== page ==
Elections were looming and Gerard Mconikie, Watties’ Father was gearing up for a hard fight with the rising Socialist Party. The T.P.C. (The Peoples Collective). What made it worse was the Right wing party was becoming more popular than the Citizens Party of Gerard’s. It was an ambiguous situation with the Single Credit Party and The Peoples Collective dividing the constituency and locking out the ruling centre right Government. Fortunately for Gerard he had the backing of his family and in general the support of the township of Warambunda. They were indebted to him for raising the capital for the development of the industrial unit over the hill. This election there wasn’t the money around to run a flamboyant campaign. One of the things Mr. Mconikie needed to insure was that he had the Directors and Owners of ‘Good Harvest’ on his side. He scheduled a meeting with them the following Taurudag before he went into Middleton to attend the Senate there.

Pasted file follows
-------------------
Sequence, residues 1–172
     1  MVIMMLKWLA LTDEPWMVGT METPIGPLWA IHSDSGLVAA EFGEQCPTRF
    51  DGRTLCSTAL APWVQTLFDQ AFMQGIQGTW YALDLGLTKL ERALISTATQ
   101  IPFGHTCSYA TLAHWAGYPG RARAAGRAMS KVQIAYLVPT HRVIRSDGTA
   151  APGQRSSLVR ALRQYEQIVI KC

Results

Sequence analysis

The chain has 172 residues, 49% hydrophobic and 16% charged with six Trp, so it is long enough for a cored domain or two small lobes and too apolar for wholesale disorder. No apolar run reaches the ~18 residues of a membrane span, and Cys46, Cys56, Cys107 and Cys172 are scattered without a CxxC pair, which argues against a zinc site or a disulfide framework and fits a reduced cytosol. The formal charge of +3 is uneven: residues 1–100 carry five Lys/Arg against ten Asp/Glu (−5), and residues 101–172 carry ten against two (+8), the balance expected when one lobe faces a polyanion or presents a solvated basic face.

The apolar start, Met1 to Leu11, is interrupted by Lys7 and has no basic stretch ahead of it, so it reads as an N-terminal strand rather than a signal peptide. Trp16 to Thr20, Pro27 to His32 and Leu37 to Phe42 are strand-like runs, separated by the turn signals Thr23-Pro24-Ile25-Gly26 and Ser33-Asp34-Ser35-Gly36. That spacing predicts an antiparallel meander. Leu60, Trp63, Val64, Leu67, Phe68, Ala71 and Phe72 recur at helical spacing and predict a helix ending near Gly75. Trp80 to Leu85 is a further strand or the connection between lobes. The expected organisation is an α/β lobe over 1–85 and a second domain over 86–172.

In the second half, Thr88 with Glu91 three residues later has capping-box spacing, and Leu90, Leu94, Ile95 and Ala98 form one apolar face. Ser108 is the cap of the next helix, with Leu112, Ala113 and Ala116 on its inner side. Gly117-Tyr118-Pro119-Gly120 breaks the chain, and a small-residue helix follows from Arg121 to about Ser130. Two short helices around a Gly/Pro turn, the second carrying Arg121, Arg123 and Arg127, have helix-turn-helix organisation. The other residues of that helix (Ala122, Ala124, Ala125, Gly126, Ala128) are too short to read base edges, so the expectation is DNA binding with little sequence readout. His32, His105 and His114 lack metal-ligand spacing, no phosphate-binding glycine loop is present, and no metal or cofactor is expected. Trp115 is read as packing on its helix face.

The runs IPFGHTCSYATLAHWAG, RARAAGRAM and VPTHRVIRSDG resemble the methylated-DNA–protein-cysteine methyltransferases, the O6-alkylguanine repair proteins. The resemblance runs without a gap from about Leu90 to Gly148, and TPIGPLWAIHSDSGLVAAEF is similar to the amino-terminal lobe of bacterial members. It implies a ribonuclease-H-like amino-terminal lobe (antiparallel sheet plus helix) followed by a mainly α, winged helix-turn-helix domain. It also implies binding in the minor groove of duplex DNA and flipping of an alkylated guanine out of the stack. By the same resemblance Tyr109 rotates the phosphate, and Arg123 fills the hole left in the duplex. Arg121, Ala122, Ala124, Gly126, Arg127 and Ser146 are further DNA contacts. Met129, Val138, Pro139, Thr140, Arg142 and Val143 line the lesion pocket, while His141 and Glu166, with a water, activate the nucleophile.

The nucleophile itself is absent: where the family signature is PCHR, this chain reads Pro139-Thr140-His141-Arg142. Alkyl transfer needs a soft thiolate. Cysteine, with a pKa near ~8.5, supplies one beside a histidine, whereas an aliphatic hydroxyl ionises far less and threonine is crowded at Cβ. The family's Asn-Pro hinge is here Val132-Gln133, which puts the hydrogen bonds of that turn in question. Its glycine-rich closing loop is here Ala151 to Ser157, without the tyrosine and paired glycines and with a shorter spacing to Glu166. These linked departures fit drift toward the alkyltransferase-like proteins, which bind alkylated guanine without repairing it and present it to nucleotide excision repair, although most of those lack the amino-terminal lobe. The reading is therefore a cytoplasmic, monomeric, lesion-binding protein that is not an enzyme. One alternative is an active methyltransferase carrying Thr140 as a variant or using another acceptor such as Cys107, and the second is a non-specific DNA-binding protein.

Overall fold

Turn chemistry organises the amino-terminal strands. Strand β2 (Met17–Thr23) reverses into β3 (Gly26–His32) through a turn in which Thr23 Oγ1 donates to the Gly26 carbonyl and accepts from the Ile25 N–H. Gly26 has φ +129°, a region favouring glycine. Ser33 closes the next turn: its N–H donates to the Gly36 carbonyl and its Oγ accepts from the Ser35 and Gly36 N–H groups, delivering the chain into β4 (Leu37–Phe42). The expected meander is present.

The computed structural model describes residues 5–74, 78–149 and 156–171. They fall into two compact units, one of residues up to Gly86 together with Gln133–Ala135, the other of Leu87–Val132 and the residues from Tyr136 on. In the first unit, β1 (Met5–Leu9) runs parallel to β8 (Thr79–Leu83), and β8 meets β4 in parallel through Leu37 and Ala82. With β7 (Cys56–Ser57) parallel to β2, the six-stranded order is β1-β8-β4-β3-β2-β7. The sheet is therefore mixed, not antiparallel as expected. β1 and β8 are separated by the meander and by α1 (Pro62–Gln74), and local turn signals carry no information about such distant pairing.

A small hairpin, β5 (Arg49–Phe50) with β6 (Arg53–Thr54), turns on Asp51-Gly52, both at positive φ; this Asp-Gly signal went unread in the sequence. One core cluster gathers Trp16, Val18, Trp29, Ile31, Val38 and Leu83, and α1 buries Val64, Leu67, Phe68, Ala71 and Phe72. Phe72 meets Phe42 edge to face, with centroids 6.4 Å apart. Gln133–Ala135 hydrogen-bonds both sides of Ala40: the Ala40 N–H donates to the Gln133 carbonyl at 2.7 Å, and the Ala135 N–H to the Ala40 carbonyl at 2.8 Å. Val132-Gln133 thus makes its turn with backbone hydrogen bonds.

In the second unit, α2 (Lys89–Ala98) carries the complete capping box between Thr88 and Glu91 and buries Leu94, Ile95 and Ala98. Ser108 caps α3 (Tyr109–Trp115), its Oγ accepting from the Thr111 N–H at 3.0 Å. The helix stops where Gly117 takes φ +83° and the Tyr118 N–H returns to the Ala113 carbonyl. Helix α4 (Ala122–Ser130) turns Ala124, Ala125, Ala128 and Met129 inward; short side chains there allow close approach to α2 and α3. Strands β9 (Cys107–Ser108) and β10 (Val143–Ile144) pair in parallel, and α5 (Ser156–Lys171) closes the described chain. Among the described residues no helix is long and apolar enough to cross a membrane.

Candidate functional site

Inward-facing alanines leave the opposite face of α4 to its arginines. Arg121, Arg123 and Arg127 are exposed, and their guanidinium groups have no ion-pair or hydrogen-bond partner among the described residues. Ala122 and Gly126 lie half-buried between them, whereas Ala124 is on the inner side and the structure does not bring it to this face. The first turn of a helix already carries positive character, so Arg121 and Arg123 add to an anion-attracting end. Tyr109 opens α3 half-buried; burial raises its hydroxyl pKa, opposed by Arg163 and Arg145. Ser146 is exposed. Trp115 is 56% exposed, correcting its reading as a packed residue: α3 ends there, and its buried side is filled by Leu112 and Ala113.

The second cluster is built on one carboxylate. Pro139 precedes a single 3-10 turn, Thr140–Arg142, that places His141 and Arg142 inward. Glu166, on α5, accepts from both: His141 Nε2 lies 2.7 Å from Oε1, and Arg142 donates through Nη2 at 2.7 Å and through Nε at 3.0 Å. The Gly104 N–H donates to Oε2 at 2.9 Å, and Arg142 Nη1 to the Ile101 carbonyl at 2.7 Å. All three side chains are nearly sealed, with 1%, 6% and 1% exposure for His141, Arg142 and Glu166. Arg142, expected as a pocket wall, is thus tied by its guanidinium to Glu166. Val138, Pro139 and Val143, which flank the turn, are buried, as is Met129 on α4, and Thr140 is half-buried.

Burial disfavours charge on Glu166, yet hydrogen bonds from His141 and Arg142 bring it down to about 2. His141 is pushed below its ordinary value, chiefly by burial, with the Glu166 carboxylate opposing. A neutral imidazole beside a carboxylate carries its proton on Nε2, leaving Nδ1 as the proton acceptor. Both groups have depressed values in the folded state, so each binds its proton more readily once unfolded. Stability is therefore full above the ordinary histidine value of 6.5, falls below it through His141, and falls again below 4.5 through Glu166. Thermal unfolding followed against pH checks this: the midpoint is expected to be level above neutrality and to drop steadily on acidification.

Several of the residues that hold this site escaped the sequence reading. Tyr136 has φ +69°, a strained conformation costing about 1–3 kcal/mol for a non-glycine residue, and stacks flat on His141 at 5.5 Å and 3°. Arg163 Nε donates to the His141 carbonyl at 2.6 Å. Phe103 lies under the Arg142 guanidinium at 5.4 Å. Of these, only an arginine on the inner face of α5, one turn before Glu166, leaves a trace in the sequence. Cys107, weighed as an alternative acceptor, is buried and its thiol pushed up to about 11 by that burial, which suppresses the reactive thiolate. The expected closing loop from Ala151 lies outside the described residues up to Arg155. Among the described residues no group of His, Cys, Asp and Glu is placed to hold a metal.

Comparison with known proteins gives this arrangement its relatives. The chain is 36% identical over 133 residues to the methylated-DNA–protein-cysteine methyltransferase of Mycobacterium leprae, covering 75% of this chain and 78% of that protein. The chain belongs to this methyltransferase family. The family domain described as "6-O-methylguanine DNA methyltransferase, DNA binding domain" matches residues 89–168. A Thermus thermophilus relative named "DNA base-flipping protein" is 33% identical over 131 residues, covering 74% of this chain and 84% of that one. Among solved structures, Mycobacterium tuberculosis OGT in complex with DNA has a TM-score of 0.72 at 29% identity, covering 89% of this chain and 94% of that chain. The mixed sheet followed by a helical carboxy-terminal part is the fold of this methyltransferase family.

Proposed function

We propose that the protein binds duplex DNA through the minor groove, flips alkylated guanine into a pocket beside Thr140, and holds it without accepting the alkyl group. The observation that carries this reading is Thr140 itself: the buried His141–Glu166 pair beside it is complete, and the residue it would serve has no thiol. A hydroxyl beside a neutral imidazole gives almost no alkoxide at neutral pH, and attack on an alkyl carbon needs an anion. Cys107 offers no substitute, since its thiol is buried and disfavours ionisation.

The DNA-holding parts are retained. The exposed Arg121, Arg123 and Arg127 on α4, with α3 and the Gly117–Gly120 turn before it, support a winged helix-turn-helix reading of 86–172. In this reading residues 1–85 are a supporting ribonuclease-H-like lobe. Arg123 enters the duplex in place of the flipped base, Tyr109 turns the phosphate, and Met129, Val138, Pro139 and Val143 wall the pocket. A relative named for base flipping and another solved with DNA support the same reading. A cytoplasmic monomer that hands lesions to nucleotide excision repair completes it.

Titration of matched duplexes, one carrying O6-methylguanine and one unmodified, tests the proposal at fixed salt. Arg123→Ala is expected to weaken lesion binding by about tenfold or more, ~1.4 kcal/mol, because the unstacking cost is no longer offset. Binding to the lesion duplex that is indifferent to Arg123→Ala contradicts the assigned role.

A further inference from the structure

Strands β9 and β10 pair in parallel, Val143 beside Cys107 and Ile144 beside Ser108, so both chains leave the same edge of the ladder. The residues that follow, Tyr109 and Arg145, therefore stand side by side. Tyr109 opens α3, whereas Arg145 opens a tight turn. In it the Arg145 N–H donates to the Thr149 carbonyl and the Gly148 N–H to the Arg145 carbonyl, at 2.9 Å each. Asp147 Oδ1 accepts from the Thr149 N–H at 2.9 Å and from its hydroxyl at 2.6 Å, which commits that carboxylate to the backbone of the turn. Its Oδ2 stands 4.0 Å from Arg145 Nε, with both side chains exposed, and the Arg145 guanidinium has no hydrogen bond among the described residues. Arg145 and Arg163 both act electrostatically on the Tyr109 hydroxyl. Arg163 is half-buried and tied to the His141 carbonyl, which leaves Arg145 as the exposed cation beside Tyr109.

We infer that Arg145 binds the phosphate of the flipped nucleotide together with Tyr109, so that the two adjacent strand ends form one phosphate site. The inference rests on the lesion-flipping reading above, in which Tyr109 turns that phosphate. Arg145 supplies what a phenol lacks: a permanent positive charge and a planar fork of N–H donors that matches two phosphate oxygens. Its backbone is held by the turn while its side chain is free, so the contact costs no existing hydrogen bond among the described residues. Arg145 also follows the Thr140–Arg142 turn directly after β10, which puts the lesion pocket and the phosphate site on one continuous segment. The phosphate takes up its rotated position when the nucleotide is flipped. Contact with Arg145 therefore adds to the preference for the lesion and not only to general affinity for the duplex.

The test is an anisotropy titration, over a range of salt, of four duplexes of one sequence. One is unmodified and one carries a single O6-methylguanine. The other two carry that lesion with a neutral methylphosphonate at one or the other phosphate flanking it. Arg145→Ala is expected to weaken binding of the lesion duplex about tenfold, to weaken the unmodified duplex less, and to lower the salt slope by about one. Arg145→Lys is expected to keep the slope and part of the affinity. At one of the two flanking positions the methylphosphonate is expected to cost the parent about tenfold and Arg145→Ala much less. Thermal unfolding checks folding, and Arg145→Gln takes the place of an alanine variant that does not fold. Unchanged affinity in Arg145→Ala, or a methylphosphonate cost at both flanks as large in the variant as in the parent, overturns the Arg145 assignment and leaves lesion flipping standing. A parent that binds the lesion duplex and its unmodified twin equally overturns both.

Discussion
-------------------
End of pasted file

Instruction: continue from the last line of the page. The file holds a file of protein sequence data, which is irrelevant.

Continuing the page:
After work Wattie cyclostyled off 5000 pamphlets on the benefits of returning the Citizens Party to power for a third term. His Dad had set out the paper and made a list of the achievements and benefits that had been accomplished over the last eight years. It read well. It didn’t look flash but times were tight and each candidate had to make do with what they had. Last election the pamphlets were all glossy and colorful, they exhibited a sense of success as well as positivism. Come Feastdag Wattie and his friends would walk the streets of the town and deposit the advertisements in the local’s letter boxes. The next day they would go over to neighboring Babaloora, a coal mining town and do a letter box drop there too.